Joshua Spann

The Importance of the Unix Philosophy

*NIX

Sep 28, 2019

Folks know of the K.I.S.S. principle and that less is more. But have they heard of the UNIX philosophy? UNIX has been around for over 50 years, inspiring the BSDs, OSX, and GNU/Linux. Not to mention the countless OSes that implement the familiar commands and userspace.

But what’s the UNIX philosophy? It’s 💪 KISS on steroids. It’s completely concise modularity and minimalism. It’s the best managerial style, the idea of having a small program do one thing and do it well, then piping and connecting many programs together to get complex work done.

Once one gets an understanding of this mindset and actually practices it, things get better. Tasks become efficient and optimized. Teams output faster and better quality work. That professional ✨ shine, touch and finish shows.

But that’s software, so it’s great for geeks but that’s not the real world, right? Nope. The UNIX philosophy is called a philosophy for a reason. Though it was born with the development of a great software project, it can apply to much more.

I’m not just a wannabe hacker, a programmer, or a Technician. I’m an artist and a musician. The arts are more forgiving because you can make it look like you made a mistake on purpose and folks will appreciate it for being “avant-garde”. But the arts are time consuming. I think “the fine arts” should be renamed “the refined arts” because of all the small tweaks and refinements you make to your work.

You get to a point where you will need to organize things, especially for a growing project. I do 3D and graphic design work. It sucks having to start from scratch all the time. You make textures and materials in complex node trees. Then you get a new project and have to remake everything all over again. Copying is a chore. But if you set up things right, you get more done with less. Rather than making complex node trees of materials and textures, you can group certain nodes by function. Then you connect the groups to other groups and then to a unified output. Then you can save, copy, and export the nodes. You can load and connect those in other projects and save time.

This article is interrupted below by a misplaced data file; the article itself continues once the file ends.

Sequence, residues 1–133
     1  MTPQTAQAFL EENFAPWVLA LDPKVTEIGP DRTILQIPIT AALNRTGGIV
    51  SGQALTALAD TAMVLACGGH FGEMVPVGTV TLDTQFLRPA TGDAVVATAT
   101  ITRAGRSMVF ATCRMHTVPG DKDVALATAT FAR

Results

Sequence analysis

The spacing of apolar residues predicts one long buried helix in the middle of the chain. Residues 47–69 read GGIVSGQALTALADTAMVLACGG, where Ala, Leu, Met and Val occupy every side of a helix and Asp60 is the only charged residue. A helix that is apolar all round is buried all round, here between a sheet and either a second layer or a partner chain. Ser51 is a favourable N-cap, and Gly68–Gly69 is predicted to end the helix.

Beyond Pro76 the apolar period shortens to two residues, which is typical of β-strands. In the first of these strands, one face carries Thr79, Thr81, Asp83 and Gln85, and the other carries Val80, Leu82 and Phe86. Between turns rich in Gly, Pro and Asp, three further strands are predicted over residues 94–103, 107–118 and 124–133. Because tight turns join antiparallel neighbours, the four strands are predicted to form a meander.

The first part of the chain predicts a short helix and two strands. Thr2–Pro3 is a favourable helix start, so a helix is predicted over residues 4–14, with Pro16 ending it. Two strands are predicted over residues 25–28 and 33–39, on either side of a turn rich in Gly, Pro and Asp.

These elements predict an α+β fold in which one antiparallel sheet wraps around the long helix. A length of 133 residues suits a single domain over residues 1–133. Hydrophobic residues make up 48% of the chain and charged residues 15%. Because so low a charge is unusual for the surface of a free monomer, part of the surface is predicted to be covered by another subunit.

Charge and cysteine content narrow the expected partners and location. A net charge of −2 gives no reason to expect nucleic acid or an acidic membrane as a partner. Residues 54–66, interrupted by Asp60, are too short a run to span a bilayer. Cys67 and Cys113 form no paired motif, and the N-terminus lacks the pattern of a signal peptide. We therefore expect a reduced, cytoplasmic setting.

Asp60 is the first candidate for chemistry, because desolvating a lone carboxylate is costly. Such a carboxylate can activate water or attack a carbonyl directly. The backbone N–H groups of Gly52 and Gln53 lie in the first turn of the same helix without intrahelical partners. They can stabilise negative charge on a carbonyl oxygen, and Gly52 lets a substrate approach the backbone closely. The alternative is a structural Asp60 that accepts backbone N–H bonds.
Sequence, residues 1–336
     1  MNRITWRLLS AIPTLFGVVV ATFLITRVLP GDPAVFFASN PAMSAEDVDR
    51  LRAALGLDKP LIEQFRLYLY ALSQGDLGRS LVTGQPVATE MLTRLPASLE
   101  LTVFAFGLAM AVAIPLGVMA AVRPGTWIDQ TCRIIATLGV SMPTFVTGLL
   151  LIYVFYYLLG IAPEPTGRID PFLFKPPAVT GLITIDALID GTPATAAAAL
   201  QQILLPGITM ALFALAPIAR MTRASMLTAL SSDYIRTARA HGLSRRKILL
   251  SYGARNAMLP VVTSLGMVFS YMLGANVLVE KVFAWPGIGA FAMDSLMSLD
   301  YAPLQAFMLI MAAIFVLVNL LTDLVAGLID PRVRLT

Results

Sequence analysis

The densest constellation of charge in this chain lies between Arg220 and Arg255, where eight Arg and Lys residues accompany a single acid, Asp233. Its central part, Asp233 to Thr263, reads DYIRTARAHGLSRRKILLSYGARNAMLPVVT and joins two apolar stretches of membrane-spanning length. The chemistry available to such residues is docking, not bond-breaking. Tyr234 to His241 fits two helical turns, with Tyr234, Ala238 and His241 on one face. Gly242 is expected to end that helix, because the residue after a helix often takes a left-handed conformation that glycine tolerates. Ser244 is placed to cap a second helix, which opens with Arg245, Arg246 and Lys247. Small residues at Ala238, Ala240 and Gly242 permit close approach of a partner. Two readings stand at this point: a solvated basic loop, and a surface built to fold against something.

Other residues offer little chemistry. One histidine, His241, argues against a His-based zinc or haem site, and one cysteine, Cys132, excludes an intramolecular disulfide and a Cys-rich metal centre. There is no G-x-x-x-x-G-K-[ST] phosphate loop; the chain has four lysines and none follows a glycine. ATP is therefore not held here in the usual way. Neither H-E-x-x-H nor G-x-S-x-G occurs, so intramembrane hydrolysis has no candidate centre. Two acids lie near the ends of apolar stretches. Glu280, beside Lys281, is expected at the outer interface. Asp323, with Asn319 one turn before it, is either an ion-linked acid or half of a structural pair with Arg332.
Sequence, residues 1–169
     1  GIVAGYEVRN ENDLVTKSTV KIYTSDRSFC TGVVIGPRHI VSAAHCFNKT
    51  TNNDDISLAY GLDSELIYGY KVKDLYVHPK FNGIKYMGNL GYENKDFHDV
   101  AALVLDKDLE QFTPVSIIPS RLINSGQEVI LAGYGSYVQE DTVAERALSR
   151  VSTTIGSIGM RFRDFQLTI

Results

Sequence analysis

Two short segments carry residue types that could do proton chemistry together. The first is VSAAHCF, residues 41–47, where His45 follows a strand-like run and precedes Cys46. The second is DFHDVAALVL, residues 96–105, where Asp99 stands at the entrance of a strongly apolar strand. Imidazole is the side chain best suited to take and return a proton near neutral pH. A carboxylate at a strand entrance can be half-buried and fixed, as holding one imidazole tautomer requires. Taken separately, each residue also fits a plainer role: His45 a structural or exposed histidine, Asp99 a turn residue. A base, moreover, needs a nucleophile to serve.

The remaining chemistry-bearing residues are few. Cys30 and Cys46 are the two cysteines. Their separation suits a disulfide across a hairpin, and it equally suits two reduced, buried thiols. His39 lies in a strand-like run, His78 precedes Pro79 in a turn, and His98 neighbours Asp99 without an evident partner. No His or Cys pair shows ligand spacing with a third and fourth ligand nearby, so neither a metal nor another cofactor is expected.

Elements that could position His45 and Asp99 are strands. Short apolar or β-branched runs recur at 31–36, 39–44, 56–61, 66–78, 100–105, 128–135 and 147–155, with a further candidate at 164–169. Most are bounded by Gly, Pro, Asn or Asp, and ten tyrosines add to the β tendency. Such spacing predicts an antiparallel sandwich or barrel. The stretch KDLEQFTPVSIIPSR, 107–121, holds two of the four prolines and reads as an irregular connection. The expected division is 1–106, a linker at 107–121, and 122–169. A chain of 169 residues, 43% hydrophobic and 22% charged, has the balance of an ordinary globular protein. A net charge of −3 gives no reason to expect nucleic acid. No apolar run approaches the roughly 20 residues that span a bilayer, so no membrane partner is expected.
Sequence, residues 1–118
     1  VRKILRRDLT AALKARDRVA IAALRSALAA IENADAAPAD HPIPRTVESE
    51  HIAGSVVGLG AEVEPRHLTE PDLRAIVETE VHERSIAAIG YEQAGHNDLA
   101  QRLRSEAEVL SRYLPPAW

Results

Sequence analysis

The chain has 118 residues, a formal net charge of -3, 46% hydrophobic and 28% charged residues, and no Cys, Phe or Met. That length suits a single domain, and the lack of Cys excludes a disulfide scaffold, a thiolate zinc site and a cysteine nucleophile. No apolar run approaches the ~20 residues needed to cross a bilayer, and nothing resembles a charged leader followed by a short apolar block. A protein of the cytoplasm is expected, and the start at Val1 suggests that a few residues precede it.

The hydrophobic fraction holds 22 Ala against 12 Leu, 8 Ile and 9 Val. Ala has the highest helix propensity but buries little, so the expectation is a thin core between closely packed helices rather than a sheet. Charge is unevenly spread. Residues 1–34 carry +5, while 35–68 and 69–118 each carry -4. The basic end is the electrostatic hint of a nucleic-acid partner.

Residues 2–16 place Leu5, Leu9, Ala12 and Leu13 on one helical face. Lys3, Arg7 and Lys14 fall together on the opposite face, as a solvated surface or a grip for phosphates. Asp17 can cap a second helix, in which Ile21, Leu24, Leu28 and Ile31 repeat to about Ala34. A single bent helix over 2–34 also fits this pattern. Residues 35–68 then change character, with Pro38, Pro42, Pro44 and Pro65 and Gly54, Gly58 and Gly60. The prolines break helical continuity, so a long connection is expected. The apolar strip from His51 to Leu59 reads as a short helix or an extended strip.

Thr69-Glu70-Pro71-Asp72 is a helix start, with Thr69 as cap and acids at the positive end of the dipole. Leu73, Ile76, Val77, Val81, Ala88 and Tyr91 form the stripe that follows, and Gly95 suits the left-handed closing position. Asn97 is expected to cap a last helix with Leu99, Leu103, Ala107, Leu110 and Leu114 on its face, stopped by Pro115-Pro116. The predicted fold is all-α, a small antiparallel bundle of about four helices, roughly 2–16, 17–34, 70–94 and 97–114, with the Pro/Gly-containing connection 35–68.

Maybe you are placed in charge of others. Chances are you have something you need to get done, and fast. What is the best option: everyone doing a handful of things, wearing multiple hats? Is it having specialists in a field working in that kind of role?

If everyone bears multiple burdens, burnout is likely to happen quicker. Nobody wants to do the work of 3-4 people and get paid 💸 for one. Not to mention that people are incapable of being in multiple places at multiple times. We can emulate multitasking but that can come with a sacrifice of quality as our attention shifts constantly. If one person does one job only, they will have all their attention devoted to the single task. If they are in the right fit for their abilities they will do it well. Then they will be a powerhouse, putting out quality work as they find ways to improve their workflow.

While some can engineer, some can’t hob-nob. It makes no sense to have a marketing agent sit behind a desk all day programming. Work quality would be low and costs would be high. If the right person is in the right job that they are trained for, then a good manager can delegate responsibilities to get a better outcome overall.

Music already follows these ideas. Many modern songs are infuenced by the sonata format, where you have the larger song composed of smaller parts. You have verses, bridges, and choruses that convey a single motif or melody well. You add them together and they tell a musical tale just like lyrics. The music touches and moves you. Good music is not random notes all over the place, it’s a well-organized balance of modules that are made up of sound and silence.

In journalism you have a writer, editor, and publisher. You make content, it’s taken by a publisher, and service providers enable access to publishers. Complex tasks work best not by doing it all in one body. Complex projects are a mess without strict modules being made and tested, then merged together. The UNIX philosophy is truly nothing new, but is is a summation of the best management skills. It focuses on tech, but it works in other areas. Go ahead, 👍 give it a shot. Delegation is a great thing if it’s done well.